— Tell us about the area you live in.
Fujimi Town is situated between the Southern foothills of the Yatsugatake Mountains and the Northern foothills of the Southern Alps. It sits in a highland area at an elevation of about 1,000 meters, meaning it’s cool and comfortable year round. The Suwa area is home to many Jomon archaeological sites. It has a distinct local culture rooted in the Suwa Grand Shrine, known for the unique Onbashira Festival. Lately the area is attracting an increasing number of internal migrants.
— How did you come to live in Fujimi Town?
I’m originally from Hokkaido. I enrolled in university in Towada City, Aomori Prefecture, and while still a student, I apprenticed with photographer Takeshi Hosokawa. As I spent my days pursuing my studies on campus and photographic expression, I came to live in a community in Towada City in an old stand-alone house I renovated with my partner, and started publishing photographs of our lifestyle. Several years later, when we had children, we considered moving closer to Tokyo but ideally in a location where we could carry on with our rural lifestyle. So we moved into my wife’s family’s vacation house in Hokuto City, Yamanashi Prefecture, while we were house hunting. Eventually, a friend recommended this old house in Fujimi Town, and we moved in. This was 2010, so we have been living here for 11 years.
— How do you like living here?
Interacting with the community members, doing our share of the community work, like cutting the grass and logging the trees, an taking part in community festivals—everything is a first, and we’re enjoying it all as we would a journey through a foreign country. Drinking cups of sake with the neighbors after working on some project or other made me nervous at first, but that has changed and become a moment I enjoy. Now I ask the locals to take me freshwater fishing, wild plant foraging, and mushroom picking.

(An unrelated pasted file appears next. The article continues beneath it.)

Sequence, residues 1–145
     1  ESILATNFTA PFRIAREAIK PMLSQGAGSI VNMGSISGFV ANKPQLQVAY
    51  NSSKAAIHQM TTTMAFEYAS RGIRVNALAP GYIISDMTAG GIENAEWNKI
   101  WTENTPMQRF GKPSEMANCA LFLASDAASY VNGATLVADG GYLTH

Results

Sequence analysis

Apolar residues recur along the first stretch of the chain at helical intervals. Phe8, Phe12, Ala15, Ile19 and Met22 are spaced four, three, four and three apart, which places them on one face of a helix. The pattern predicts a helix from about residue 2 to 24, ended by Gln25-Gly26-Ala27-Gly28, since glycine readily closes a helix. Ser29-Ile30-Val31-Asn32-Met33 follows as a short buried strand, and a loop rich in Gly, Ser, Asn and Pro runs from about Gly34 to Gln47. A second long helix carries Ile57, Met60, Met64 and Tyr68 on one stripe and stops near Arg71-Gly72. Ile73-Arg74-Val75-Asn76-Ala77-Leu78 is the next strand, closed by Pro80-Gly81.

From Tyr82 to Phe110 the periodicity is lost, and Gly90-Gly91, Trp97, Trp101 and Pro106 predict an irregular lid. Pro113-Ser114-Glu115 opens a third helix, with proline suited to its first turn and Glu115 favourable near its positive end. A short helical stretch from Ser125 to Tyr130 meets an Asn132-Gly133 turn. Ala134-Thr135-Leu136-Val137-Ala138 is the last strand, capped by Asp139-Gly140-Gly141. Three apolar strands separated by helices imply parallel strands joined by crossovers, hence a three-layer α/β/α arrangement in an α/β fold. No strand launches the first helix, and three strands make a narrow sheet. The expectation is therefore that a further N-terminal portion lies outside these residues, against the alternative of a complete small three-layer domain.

—In the course of your daily life, what do you feel is special about this place?
The Yatsugatake Mountains and the Southern Alps unfold before my eyes, and the beautiful forests and spring water invite me to take daily walks—I think this is a very fortunate location for a photographer.
— Do you ever photograph community events?
I’ve been designated the district representative in charge of recording the Onbashira Festival. In the last event, I took pictures over a period of about six months, not only on the days of the festival but also during nearly all the Shinto rituals and preparations.
Volunteer fire corps are also a given in rural communities. The activities are unique and interesting when you see them in person. I went and took pictures of the volunteers in training and demonstration events.
— What would you like to try in this community in the future?
Right now I spend a lot of time away on business trips. In the future, I’d like to spend more time in the community to photograph the local culture and customs, and to learn from the locals and improve my skills in fishing, picking mushrooms, and working the fields.
Tonami was born in 1979 in Hokkaido. He completed a major in environmental bioscience and graduated from the Kitasato University School of Veterinary Medicine. While still enrolled in university, Tonami apprenticed with photographer Takeshi Hosokawa. He lived near the campus in Towada City, Aomori Prefecture, in an old house he repaired with his partner using scrap materials. During this time, he discovered that ordinary everyday moments are filled with emotional, moving experiences and published a series of photo essays about his lifestyle for three years in a local paper. In addition to running a Tokyo office in Hachioji City, in 2007 Tonami and his family—his wife, their three daughters, a dog, and a cat—moved to another old house they found and renovated themselves in the southern foothills of the Yatsugatake Mountains, in Fujimi Town, Suwa County, Nagano Prefecture. Tonami continues to work from his bases in Tokyo, Nagano, and Yamanashi prefectures today. Tonami took the photos for PAPERSKY no.65 IWATE｜Kenji Miyazawa Issue.